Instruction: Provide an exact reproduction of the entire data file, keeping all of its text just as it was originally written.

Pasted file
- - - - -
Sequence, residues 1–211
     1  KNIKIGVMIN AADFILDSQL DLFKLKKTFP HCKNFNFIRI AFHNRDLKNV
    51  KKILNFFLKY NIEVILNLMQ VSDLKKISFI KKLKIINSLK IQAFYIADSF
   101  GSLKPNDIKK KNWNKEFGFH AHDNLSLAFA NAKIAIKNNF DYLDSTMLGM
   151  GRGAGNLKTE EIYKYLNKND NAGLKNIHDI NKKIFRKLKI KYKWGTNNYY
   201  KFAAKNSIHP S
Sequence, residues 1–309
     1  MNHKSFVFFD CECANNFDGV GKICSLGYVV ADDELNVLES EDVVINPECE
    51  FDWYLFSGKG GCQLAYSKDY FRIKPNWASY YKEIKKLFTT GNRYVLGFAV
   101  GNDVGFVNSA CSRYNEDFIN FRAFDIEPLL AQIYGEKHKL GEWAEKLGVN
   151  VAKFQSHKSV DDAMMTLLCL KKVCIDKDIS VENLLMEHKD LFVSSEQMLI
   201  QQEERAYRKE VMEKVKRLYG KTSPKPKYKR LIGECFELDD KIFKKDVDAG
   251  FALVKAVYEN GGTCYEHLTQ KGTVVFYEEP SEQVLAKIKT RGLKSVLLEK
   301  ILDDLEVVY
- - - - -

Sequence, residues 1–211
     1  KNIKIGVMIN AADFILDSQL DLFKLKKTFP HCKNFNFIRI AFHNRDLKNV
    51  KKILNFFLKY NIEVILNLMQ VSDLKKISFI KKLKIINSLK IQAFYIADSF
   101  GSLKPNDIKK KNWNKEFGFH AHDNLSLAFA NAKIAIKNNF DYLDSTMLGM
   151  GRGAGNLKTE EIYKYLNKND NAGLKNIHDI NKKIFRKLKI KYKWGTNNYY
   201  KFAAKNSIHP S
Sequence, residues 1–309
     1  MNHKSFVFFD CECANNFDGV GKICSLGYVV ADDELNVLES EDVVINPECE
    51  FDWYLFSGKG GCQLAYSKDY FRIKPNWASY YKEIKKLFTT GNRYVLGFAV
   101  GNDVGFVNSA CSRYNEDFIN FRAFDIEPLL AQIYGEKHKL GEWAEKLGVN
   151  VAKFQSHKSV DDAMMTLLCL KKVCIDKDIS VENLLMEHKD LFVSSEQMLI
   201  QQEERAYRKE VMEKVKRLYG KTSPKPKYKR LIGECFELDD KIFKKDVDAG
   251  FALVKAVYEN GGTCYEHLTQ KGTVVFYEEP SEQVLAKIKT RGLKSVLLEK
   301  ILDDLEVVY